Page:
Let’s make a deal, you and I. I’m going to describe a few common forms of sexual assault. In exchange, you will follow the very simple advice I have for you at the beginning of the next paragraph. Sexual assault can consist of any of the following things: If someone touched your genitals or your anus with any part of their body, or any object, without your permission, that’s sexual assault. If someone touched, kissed, or fondled any part of your body without your permission, that’s sexual assault. If someone threatened to get you in trouble or hurt you unless you did something sexual with them, that’s sexual assault. If someone did something sexual to you when you were unable to resist—if you were trapped, or unconscious, or very drunk or high and hence not able to understand or control what was happening—that’s sexual assault.

That list is incomplete. But here’s the most important part: if you think you may have been sexually assaulted, or if you think you were probably sexually assaulted, or if you would call it sexual assault if it happened to somebody else, you need to talk to a doctor about it, and ask her/him to call the police. Call a rape crisis hotline—RAINN is the biggest and most easily accessible—and ask them what to do and where to go; if letting your parents know about this is dangerous (for example, if you were attacked by a parent) remember to ask the hotline if the hospital is required to notify them. If you’re really concerned about privacy, don’t give your name or phone number when you call. Seriously. RAINN even says this on their web page; they might be required to tell authorities what’s happened to you if you’re under 18, but they can’t, unless you tell them who you are.

If the assault happened very recently, if it is at all possible, go straight to the hospital and ask for a sexual-assault forensic exam, so you will have proof against your attacker. Don’t shower, don’t change, don’t read the rest of this article: GO. If it happened a long time ago, then go to a therapist. This, again, can be complicated when you are young; therapists normally can’t tell anyone else what you say, but if they think you’re in danger, especially from your parents, they might be required to notify someone. So ask the therapist which information they can share, and what they must share, and with whom, before you start talking. Get an honest, plainly worded deal you can both agree to. When you talk, you don’t have to call what happened “sexual assault” if you don’t want to. Just describe what happened, as best you can, and then you and the therapist can decide what to call it afterward.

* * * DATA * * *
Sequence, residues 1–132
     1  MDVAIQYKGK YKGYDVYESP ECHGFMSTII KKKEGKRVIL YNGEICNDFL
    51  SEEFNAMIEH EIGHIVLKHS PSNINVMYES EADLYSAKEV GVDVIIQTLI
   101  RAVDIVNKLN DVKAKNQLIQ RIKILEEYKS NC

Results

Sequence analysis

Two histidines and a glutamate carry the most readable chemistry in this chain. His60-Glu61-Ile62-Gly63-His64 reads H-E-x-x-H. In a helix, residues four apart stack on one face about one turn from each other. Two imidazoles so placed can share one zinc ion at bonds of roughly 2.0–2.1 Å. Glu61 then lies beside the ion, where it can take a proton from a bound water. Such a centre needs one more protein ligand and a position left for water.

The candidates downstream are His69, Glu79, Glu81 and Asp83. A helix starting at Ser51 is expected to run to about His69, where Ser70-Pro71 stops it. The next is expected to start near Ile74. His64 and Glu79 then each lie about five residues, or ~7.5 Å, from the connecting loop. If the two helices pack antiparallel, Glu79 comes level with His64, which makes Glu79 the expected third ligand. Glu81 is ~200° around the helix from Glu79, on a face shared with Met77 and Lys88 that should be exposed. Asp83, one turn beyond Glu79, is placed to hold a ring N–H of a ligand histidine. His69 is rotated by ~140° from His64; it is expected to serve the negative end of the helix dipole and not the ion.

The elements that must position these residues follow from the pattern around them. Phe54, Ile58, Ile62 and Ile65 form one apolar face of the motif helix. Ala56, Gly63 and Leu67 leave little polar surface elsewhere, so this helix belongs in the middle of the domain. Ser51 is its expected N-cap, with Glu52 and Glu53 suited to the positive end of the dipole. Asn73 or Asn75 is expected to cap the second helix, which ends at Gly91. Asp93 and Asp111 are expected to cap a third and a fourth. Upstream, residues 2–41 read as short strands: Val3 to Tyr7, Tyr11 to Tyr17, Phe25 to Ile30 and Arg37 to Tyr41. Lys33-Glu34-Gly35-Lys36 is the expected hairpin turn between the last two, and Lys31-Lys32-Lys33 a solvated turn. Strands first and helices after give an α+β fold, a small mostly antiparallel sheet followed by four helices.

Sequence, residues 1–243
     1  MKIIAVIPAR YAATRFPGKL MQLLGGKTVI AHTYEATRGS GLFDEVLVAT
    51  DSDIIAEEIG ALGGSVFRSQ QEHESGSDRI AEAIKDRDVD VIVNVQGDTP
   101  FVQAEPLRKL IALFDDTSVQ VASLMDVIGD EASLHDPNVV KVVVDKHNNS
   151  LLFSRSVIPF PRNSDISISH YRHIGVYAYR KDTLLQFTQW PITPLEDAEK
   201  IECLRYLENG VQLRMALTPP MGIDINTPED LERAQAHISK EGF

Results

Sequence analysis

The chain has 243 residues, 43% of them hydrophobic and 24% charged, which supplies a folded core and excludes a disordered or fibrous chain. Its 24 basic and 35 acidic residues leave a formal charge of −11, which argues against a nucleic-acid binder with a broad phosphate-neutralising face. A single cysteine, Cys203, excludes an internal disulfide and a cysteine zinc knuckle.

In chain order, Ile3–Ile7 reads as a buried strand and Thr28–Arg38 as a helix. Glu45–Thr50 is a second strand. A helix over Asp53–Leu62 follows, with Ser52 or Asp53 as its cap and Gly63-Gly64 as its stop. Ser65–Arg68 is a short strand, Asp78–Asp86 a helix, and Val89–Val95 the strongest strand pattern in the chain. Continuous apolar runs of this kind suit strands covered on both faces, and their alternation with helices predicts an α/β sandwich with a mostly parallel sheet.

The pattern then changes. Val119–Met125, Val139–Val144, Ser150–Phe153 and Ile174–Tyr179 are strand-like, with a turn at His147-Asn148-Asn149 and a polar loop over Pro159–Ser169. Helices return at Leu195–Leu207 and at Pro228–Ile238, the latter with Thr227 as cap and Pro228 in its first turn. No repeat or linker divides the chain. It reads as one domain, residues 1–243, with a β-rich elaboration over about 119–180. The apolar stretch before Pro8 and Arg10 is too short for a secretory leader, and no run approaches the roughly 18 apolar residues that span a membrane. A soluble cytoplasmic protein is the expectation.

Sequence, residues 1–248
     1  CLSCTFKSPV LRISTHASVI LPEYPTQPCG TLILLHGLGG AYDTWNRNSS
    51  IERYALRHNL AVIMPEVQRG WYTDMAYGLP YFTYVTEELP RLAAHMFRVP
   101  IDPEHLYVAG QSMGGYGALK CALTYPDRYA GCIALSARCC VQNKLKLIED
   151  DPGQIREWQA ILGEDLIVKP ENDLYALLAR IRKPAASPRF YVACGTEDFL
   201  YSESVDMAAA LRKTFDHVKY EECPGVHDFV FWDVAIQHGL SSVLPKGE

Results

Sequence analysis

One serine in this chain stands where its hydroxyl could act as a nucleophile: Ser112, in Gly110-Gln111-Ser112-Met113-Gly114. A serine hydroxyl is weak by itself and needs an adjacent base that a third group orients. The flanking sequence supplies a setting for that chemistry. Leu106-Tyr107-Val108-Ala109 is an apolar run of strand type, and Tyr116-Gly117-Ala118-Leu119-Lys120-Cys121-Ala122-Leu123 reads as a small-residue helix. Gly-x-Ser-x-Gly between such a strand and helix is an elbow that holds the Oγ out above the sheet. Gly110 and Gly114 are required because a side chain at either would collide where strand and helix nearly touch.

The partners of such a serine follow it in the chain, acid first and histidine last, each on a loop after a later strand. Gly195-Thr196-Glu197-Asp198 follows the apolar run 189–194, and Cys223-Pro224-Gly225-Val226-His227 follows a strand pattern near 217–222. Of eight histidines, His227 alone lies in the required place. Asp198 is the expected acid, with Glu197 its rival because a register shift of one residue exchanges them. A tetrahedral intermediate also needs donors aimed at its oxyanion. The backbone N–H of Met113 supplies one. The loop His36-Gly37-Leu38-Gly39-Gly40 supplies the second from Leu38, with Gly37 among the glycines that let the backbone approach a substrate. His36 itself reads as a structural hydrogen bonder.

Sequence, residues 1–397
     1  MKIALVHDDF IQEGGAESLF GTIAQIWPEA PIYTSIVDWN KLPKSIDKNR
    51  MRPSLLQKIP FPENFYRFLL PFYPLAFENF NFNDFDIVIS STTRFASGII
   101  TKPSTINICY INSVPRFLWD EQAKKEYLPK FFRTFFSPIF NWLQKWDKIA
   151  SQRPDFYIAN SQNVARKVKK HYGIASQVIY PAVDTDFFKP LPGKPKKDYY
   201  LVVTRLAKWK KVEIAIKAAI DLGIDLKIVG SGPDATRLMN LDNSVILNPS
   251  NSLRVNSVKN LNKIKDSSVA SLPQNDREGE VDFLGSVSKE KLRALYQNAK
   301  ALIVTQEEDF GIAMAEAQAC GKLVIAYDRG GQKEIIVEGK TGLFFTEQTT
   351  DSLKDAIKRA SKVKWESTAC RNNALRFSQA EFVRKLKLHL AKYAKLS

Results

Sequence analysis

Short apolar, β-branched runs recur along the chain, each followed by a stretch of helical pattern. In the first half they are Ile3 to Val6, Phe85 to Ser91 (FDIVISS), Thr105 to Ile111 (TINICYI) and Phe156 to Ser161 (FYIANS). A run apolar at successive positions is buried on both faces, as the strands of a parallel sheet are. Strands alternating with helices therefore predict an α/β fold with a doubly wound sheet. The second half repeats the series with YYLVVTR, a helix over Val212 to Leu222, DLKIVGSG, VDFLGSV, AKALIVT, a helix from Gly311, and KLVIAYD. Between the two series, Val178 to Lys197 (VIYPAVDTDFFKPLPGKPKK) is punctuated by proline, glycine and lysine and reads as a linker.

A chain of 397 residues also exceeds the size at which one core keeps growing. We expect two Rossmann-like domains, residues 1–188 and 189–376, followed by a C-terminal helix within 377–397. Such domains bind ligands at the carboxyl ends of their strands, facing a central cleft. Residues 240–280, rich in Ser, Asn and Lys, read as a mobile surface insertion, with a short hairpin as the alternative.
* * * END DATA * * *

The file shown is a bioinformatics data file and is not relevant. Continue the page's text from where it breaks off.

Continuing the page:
This is all a bit scary, but I recommend that you talk to these people for two reasons. First, I don’t know who your attacker was, so I don’t know who else you can talk to. And second: no matter what your situation, you need support from people who understand sexual assault and can help you heal. Sometimes people don’t understand sexual assault, or are cruel about it, so you absolutely do not have to talk about what happened with people you don’t trust. But therapists and rape-crisis counselors are hired to understand. Right now, you are dealing with something that can have a lot of long-term consequences, and you can’t always see those consequences clearly when you’re living through it. You need to be in touch with at least one person whose first priority is keeping track of you, and making sure that you are OK.

3. Pain

Pain is a message. You are probably going to experience a fair amount of it, so it’s important that you know this. No matter how bad it is, pain is not a judgment, or a punishment, or a weakness: pain is a message, from the part of you that wants to live, telling you that something is wrong.

After a sexual assault, pain can take many different forms: You can be overwhelmed with emotion, or you can be completely numb. You can be angry all the time, or sad all the time, or scared all the time, or all three. You can have vivid flashbacks about the assault, or you can have trouble recalling it. Sometimes all of this happens to the same person. Consensual sex can become scary or complicated in ways it wasn’t before—some people start to have a lot more sex, some people have a lot less, some people can only have it in really specific ways for a while, lots of people just feel differently about or during sex, even if it doesn’t seem like anything has changed. Some people seem fine unless they’re exposed to one specific thing that reminds them of the assault: a touch, a joke, a song, a place—for someone I knew it was a day of the year. No matter what form your pain takes, it often looks really messy. But don’t let anyone tell you that it’s wrong. I don’t care which jerk told you to “handle it” “better”; you are receiving a message, right now, from a very necessary part of yourself. The message is, “I want to live. Get me some help.” It’s urgent. That is why it hurts.